With the Eli Manning era in Giants football apparently ending on Tuesday, fans might want to recall just how fortunate they were that Manning ever wore the team’s uniform.
The exit of a fading hero is always sport’s version of tragedy, and there was, fittingly, a considerable amount of melancholy enveloping Giants-land on Tuesday.
But Manning’s story is also laced with a healthy dose of kismet. That should be remembered now as well.
Manning turned out to have everything he needed to become the ideal quarterback for New York’s most stately franchise after he arrived in 2004 — from the quirky, quizzical look that came over his face in times of duress on the field to his unswerving resilience when battered physically to his clever ability to avoid the celebrity maelstrom in the country’s biggest market.
The Giants’ draft-day trade for Manning that year was the result of deft, intricate maneuvering and bold conviction. Afterward, it took years of patience with a young, struggling Manning to reap the fruits of the Giants’ faith in him. Manning’s performances in two Super Bowl victories are now his established legacy — Hall of Fame credentials — but they were hardly predestined.
As the rookie quarterback Daniel Jones gets his chance to supplant Manning and rewrite Giants history — which is the right decision for all, including Manning — that is a lesson worth remembering. Jones is not likely to have immediate success, either, especially without an assortment of accomplished wide receivers.
Ernie Accorsi, who made Eli a Giant, never thought he would have a chance to bring Manning to New York, although that was his goal.
Accorsi, then the team’s general manager, watched Manning play in his junior and senior seasons at the University of Mississippi and wrote a scouting report in bold capital letters that read, in part: “Carried an overmatched team entirely on his shoulders … never gets rattled … has courage and poise.”
In a telephone interview Tuesday, Accorsi said: “I also called Eli the complete package, and he was. I did write that he wouldn’t be a fast runner, but I said he had good feet — good enough to get out of trouble like Joe Montana did.”
Which for most of Manning’s early career turned out to be true. But not everyone around the N.F.L. was sold on him the way Accorsi was in the spring of 2004. He had plenty of detractors, especially those who thought his pre-draft status had been elevated primarily because he was the little brother of Peyton Manning.
Accorsi stood firm. The Giants had the fourth overall pick in the draft, but Accorsi made it clear to the San Diego Chargers, who had the first pick, that he was interested in a trade that would net Manning.
On draft day, the Chargers selected Manning. About 25 minutes later, after the Giants had already written down the name of Ben Roethlisberger as their choice, the Chargers called and offered Manning, whose camp had clearly signaled that San Diego’s floundering franchise was not his desired employer.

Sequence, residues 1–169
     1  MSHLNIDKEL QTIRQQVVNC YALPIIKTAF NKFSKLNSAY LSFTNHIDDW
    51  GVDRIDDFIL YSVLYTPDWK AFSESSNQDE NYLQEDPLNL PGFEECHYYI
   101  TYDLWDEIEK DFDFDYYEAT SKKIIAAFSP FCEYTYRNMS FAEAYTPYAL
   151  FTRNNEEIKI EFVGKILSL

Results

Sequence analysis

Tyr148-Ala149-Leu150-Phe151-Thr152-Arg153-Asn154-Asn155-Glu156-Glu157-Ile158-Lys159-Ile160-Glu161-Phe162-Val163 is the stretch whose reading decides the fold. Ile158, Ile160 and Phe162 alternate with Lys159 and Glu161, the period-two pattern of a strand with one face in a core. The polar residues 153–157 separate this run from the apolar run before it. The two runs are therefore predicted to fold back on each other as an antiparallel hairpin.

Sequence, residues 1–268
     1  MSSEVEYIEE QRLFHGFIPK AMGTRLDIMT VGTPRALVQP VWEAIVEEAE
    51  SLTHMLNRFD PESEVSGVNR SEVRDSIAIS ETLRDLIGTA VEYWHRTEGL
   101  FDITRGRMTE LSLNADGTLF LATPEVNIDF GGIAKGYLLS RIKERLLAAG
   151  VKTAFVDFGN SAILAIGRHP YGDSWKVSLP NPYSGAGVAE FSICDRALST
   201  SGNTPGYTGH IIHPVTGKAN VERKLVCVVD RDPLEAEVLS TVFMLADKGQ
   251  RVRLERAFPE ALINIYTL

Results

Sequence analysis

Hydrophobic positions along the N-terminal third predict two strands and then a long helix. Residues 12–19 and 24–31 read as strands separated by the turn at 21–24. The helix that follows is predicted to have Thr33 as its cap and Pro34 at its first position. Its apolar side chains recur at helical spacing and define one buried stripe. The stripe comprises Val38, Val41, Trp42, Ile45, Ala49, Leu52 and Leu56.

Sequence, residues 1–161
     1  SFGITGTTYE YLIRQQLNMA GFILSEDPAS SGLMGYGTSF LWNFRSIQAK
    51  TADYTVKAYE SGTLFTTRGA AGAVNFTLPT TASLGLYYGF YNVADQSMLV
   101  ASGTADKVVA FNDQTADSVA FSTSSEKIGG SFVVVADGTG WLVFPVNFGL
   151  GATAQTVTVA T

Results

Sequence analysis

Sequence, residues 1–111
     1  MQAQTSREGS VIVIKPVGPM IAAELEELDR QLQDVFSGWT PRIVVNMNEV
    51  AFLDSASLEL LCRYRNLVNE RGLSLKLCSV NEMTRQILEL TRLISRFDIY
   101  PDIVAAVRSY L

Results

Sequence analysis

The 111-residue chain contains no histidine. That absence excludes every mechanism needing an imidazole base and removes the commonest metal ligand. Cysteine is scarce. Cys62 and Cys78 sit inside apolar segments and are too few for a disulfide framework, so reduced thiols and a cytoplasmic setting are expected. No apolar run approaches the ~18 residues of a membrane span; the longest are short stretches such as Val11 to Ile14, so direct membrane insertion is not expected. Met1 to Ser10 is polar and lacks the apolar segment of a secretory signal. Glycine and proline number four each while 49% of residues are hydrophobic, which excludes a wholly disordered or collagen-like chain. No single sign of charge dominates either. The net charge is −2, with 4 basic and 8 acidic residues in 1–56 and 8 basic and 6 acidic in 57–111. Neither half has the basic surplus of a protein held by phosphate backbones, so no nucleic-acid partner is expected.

The deal was done when the Giants agreed to take North Carolina State quarterback Philip Rivers instead and send him to San Diego for Manning. The Chargers would also get three Giants draft picks, including the team’s first-round pick in 2005.
Many N.F.L. draft experts were convinced the Giants had overpaid for Manning — by a lot.
That criticism of Accorsi’s deal only intensified after Manning assumed the starting quarterback’s job as a rookie and lost his first six games.
“I never wavered on him,” Accorsi, who was also the general manager for the Baltimore Colts and the Cleveland Browns, said Tuesday. “I had been through this before with young quarterbacks. John Elway in his first game lined up behind the guard instead of the center on one play. So I understood what was going on. I didn’t expect a lot.”
A Giants playoff season ensued a year later, although Manning stumbled badly in his first postseason game. Two years after that, however, the Giants were hoisting a Super Bowl trophy.
Four years later, it happened again.
“People always ask me what I saw in Eli when he was young,” Accorsi said. “I didn’t see stats. I saw a leader. I saw championships. That’s what he was brought here for, not stats.”
But if there are numbers that will stick in the minds of current Giants fans when Manning’s name comes up in the future, it will be probably be ones like these: In eight postseason victories on the way to his two Super Bowl Most Valuable Player Awards, Manning threw for 15 touchdowns and was intercepted twice. He also picked himself up off the ground after 20 sacks.
Manning’s declining production in the last several seasons made Jones’s selection in this spring’s draft a necessity and made Tuesday’s decision to name him the new starter an inevitability.
Manning, 38, may yet return to lead the Giants in some circumstance, or since he is a free agent after this season, he could play elsewhere. The most likely outcome is that Manning will retire as a Giant after this season.
On Tuesday, Accorsi weighed all that and sighed.
“This is a tough day for Eli, for his family — it’s a tough day for me,” he said.
Still, Accorsi couldn’t help but look back 15 years to the 2004 N.F.L. draft.
“A lot of different things might have happened; there were a lot of good guys in that draft,” he said. “But Eli was the perfect guy for the Giants.”